Are you ready to admit that Nadal is the GOAT? Anything you can say about Serena goes doubly for Nadal. The biggest knock against Serena is that we can only assume that she would have the edge of Steffi Graf. We know beyond any doubt that Nadal has the measure of Federer by quite a margin. Now frankly, I've long suspected you of being a Federerite. Granted, you give the required praise to all the players, but I wouldn't be suprised if that were nothing more than a ruse. In the glow of Roger's waning moon and the brilliance of yet ANOTHER Nadal comeback, here's your chance to come on over to the Rafa camp.
-- Brandon, Chicago

• I'm a Federerite, a dendrite, a Hittite, a stalactite -- let's wait until both careers are through before we assess. "Anything you can say about Serena goes doubly for Nadal." You lost me there.

It seemed like this year's U.S. Open was the tournament of the drop shot. Is there any data to support the assertion that it was used more in this year's tournament as compared to past U.S. Opens or compared to other Grand Slams? Or that certain players used it more in this year's tournament compared to their past matches?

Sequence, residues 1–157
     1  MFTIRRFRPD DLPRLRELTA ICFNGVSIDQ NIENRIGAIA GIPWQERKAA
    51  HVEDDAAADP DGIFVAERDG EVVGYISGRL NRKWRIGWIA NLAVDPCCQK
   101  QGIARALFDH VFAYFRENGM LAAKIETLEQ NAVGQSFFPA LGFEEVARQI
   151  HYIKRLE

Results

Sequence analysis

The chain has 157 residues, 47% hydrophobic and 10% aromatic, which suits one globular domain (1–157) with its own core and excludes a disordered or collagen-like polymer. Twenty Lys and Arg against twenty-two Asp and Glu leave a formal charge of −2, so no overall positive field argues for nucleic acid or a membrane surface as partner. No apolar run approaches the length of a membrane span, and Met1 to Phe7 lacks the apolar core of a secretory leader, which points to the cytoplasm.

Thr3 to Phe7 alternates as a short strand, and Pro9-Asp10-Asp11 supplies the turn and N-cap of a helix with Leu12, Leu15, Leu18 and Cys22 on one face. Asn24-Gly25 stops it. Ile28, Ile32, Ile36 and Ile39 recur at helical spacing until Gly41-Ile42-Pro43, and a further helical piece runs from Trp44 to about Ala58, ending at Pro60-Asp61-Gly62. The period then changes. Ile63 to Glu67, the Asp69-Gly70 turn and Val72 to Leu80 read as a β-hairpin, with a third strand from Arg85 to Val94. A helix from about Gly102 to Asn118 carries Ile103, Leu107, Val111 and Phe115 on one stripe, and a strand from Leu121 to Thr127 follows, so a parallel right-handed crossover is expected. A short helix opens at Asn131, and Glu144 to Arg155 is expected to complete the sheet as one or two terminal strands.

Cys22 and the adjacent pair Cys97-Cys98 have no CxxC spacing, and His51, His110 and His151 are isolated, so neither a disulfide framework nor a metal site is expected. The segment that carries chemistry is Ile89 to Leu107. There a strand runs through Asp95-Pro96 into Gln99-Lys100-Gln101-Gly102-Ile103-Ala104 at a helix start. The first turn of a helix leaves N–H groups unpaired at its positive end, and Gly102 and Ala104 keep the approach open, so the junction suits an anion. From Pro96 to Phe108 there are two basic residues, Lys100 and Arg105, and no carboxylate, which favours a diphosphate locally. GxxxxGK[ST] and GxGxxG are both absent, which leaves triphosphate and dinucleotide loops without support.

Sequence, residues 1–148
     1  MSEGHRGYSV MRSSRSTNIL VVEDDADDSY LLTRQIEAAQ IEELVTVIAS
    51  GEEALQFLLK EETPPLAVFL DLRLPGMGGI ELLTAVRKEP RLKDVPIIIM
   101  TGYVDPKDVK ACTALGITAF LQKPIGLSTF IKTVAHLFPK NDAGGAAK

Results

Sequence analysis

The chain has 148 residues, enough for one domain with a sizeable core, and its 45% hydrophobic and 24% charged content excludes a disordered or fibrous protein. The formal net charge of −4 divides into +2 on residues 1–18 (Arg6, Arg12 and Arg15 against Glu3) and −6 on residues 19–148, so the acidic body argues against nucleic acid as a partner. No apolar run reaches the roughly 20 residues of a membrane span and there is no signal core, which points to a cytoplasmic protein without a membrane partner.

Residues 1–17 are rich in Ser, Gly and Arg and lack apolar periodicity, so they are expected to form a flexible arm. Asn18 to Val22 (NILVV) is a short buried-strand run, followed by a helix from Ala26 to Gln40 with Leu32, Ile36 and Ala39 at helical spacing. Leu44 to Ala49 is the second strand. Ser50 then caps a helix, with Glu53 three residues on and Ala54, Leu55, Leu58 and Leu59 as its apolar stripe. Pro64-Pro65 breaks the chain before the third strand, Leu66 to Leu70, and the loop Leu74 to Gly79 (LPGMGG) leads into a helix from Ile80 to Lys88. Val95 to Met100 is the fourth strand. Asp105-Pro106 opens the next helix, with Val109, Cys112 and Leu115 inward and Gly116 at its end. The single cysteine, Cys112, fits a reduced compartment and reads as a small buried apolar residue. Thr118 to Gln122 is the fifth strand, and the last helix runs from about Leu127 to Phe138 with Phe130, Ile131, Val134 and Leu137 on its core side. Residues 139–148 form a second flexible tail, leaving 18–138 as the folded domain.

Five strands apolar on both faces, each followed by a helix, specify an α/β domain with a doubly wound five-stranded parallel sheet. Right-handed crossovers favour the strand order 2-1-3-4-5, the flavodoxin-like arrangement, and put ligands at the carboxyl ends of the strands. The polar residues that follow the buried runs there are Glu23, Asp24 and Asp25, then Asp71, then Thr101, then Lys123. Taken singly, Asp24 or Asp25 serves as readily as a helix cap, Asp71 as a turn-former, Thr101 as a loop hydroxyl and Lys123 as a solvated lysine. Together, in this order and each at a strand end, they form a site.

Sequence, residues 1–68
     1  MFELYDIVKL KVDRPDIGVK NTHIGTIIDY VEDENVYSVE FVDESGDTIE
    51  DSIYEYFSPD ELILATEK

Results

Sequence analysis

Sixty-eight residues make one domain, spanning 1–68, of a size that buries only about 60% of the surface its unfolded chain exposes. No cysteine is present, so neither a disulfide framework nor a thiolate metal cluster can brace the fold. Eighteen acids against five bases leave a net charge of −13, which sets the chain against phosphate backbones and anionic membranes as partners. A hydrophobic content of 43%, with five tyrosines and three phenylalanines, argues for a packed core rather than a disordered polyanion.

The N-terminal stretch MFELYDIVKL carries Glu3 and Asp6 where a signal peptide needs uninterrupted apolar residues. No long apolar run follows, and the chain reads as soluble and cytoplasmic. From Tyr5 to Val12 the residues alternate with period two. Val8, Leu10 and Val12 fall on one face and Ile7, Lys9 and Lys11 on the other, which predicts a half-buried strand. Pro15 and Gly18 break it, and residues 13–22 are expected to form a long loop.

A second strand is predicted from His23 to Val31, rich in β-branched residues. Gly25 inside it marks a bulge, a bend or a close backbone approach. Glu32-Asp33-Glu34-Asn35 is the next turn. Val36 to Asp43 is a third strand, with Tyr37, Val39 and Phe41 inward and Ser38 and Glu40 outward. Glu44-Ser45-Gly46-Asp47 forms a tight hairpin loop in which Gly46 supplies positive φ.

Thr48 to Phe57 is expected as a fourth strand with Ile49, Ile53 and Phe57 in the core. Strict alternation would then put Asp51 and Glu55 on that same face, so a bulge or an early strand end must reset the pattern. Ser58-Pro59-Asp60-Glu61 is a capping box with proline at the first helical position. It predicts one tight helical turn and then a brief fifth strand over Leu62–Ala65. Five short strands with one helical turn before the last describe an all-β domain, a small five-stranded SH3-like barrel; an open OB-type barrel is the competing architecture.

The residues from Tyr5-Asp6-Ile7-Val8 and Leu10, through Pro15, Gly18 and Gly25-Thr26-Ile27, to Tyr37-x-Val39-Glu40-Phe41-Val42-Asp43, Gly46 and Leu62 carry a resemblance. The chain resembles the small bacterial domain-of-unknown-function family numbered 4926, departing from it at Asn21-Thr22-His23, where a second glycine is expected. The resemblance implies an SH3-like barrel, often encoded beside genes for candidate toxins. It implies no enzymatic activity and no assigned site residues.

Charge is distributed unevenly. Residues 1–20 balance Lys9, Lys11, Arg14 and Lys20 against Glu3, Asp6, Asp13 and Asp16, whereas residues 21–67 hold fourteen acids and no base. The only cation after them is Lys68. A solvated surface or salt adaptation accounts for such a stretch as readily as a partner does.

-- Allison Roarty, New York City

We said this at Wimbledon, but you raise a good point. Data? I'd love to see it if someone has more success than I did. While we're at it, isn't "drop shot attempted/drop shots successful" a stat we'd all love to see, not least players? If I knew that a certain player was particularly susceptible to drop shots, I'd use that. And if I knew that only a certain percentage of my drop shots resulted in my winning the point, that would be helpful, too.

You praised the ESPN and Tennis Channel coverage, but how about a shout out to the free streaming coverage online? Video from several courts that together featured nearly all the matches I wanted to watch. And the fact that I can recite the Willem Dafoe/Mercedes and Bryan brothers/Esurance commercials suggests the revenue potential is there. It's hard to think this isn't the future of slam-watching.